Five Considerations When Purchasing A Service Business

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When you buy a business, you are actually buying the cash flow. Any needed assets come with the cash flow. Whether you need lots of assets or few assets, the cash flow is used to determine the value of the business. It also funds the debt service, all operating expenses, and your living wage. If the business doesn’t need many assets, it can be an advantage, as you just have to keep the cash flow as is and don’t have to replace broken or worn equipment. The cash flow must be large enough to justify the asking price. If any business doesn’t have cash flow large enough to justify the asking price, then the asking price is the market value of the assets. Five things to consider when purchasing a service business include the following:

Good Financial Records
Service businesses that are for profit may be large or small, but they operate under the same principle. They must make a profit to stay in business, and they must have good financials that show proof of their profit. That would include profit and loss statements, balance sheets and tax returns for the past three years and the current year. A cash flow statement for those years should be included in the marketing packet prepared by the business broker. Financial institutions will loan to purchase service businesses now more than a few years ago, but their preference is still to have assets they can put their hands on if the buyer defaults on the loan. An ideal situation is to find a seller who will carry the note for his/her business.

Non-Compete Agreement
The non-compete agreement is extremely important when purchasing a service business. Many were started by entrepreneurs who turned their prior job into a business and have built the customer base. If the seller started the business and is very active in the business, the customers may think of him or her as the business and a long-term relationship may have developed. This is a positive thing; but, as a buyer, you want precautions in place to protect the business after the sale. Included and very important to include in the non-compete agreement is the area protected. This needs to be a large enough area and for a long enough time to prevent the seller from competing with you. Options to explore are the limitation of the business as to where it can operate and if expansion is a viable option to grow.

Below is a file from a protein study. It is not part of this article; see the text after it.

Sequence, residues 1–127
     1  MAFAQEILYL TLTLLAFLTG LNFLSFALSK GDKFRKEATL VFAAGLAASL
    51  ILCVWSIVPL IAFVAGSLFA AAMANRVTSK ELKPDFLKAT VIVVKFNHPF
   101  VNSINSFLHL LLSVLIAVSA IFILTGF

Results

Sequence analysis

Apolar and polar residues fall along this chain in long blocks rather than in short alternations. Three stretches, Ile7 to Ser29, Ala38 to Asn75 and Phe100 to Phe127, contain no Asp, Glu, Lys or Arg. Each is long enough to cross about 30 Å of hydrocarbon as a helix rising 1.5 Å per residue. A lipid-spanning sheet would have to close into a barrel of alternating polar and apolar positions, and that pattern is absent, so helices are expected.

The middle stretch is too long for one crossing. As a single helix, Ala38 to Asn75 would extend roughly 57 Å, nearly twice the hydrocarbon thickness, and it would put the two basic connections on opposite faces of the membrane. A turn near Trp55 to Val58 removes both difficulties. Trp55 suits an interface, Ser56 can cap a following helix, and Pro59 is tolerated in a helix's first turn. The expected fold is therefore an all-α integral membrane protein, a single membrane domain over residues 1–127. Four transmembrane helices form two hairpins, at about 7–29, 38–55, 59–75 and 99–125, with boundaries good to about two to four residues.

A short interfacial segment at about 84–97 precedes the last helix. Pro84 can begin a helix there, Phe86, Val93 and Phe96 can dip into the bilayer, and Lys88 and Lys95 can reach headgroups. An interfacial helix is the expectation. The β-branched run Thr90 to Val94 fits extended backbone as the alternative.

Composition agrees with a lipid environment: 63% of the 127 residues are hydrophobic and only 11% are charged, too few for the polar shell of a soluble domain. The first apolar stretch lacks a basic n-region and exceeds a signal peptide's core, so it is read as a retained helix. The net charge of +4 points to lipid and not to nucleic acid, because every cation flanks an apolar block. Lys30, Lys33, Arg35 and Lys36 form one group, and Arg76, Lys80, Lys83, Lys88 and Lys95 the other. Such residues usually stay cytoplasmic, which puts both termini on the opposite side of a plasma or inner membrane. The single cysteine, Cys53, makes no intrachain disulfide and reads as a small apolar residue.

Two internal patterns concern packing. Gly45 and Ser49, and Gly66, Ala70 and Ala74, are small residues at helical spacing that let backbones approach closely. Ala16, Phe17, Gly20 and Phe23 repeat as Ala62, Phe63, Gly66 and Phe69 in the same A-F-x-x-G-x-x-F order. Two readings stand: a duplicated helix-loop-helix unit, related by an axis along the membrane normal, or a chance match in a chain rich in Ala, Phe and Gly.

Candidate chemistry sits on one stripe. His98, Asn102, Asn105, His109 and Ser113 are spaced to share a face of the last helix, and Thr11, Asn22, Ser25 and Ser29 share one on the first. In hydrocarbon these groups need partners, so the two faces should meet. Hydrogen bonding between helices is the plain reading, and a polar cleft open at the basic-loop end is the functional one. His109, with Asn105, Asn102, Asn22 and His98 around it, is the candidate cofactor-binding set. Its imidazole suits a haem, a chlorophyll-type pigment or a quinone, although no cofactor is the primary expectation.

Training Period
The seller will agree to train you with no pay for a certain time period. Two weeks is long enough for most businesses. Depending on the business, however, it may take a longer training period, which would also be an introduction period. There are times when a buyer will pretend to be working for the seller for a period so customers and employees can get to know him/her before being introduced as the new owner. It is important to wait until after closing for any training, as you or the seller will not want the employees or customers to know about the sale until it has actually closed. During the training period after the closing, it is important for the customers to see you with the seller, showing confidence in your ability to take care of their needs. During the due diligence before closing, investigate the suppliers, customers, and contracts in addition to the financials. As with any business purchase, it is wise to operate the business as it has been operated while you learn the business. Although you will probably want to make some changes and incorporate your ideas, immediate drastic changes are not a good idea. Change is tough on everyone, and you especially don’t want to frighten and confuse your employees. It is expected that the employees will remain with the business, but they are not required to do so. It is important to have a smooth transition and make the employees see they are important and secure in their jobs.

Competition
Before buying the business, check out the competition. Is there a similar business in your service area; and, if so, what does the business you are buying do or offer differently from the competitor? If the financials show a good profit, will the change of ownership cause a loss of customers?

Business Plan
Last, but not least, be sure to write a business plan so you have a guide to follow. Also, a good well-written business plan is necessary to get a good loan to purchase the business or borrow money as the business grows.

  • Author: Pat Jones
  • Title: Business Owner - Business Broker
  • Company: Pat Jones Business Brokers
  • Company Website: http://www.patjones.biz/
  • Date: November 15, 2018
  • Category: Buying a Franchise or Business
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